Jackie Kennedy leaves the White House with her children on December 6, 1963
Very well researched post on her last days in the White House and what she found in her husband’s desk.
Jacqueline Kennedy and her children leave the White House on their last day in residency - December 5, 1963
Photo: Cecil Stoughton/Time & Life Pictures
Jackie Kennedy laying flowers at the Eternal Flame on March 16, 1967, in Arlington National Cemetery.
Don’t let it be forgot, that once there was a spot, for one brief shining moment that was known as Camelot.
John F. Kennedy and Jackie Kennedy watch the America’s Cup Race
Today is the 50th anniversary of President Kennedy’s assassination. In honor of him, here is a collection of The Atlantic’s coverage of Kennedy, his death, and what it meant to the country.
- John F. Kennedy, Eulogized: In February 1964, The Atlantic looked at Kennedy’s place in history.
- November 22, 1963: A photo essay.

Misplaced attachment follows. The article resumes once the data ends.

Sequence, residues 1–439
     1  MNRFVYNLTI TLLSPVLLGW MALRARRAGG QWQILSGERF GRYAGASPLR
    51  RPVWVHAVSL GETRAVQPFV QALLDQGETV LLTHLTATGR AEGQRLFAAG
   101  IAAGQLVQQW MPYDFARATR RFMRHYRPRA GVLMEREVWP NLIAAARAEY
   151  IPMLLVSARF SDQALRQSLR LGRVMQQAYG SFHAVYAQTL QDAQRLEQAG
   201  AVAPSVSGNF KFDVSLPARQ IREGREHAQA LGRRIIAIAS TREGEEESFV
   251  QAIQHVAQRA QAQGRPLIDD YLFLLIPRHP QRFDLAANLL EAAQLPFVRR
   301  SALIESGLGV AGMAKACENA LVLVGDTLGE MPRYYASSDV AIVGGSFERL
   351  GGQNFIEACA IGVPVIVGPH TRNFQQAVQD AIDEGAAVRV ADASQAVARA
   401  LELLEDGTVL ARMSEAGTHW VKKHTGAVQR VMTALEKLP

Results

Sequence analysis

- How to Watch the Kennedy Assassination Coverage as It Happened: The 1963 footage reveals as much about early TV journalism as it does about the nation’s grief.
- Courage in a Pillbox Hat: Remembering Jacqueline Kennedy’s public dignity in the face of catastrophe.
- Film’s Failed Quest to Understand JFK’s Death: Directors keep trying to show all the things the famous Zapruder footage missed, but they only end up revealing truths about their times.
- What JFK Saw: The day from the president’s perspective.
- Death of a Man: A poem in honor of JFK.
[Image: Associated Press]
One of the greatest threats we face is, simply put, bullshit. We are drowning it. We are drowning in partisan rhetoric that is just true enough not to be a lie; in industry-sponsored research; in social media’s imitation of human connection; in legalese and corporate double-speak. It infects every facet of public life, corrupting our discourse, wrecking our trust in major institutions, lowering our standards for the truth, making it harder to achieve anything.
“Annette [Funicello]’s profile still defines the first half of that decade as much as Jackie’s pillbox hat.”
Read more from M. J. Moore on Funicello, Mad Men, and the end of an era here.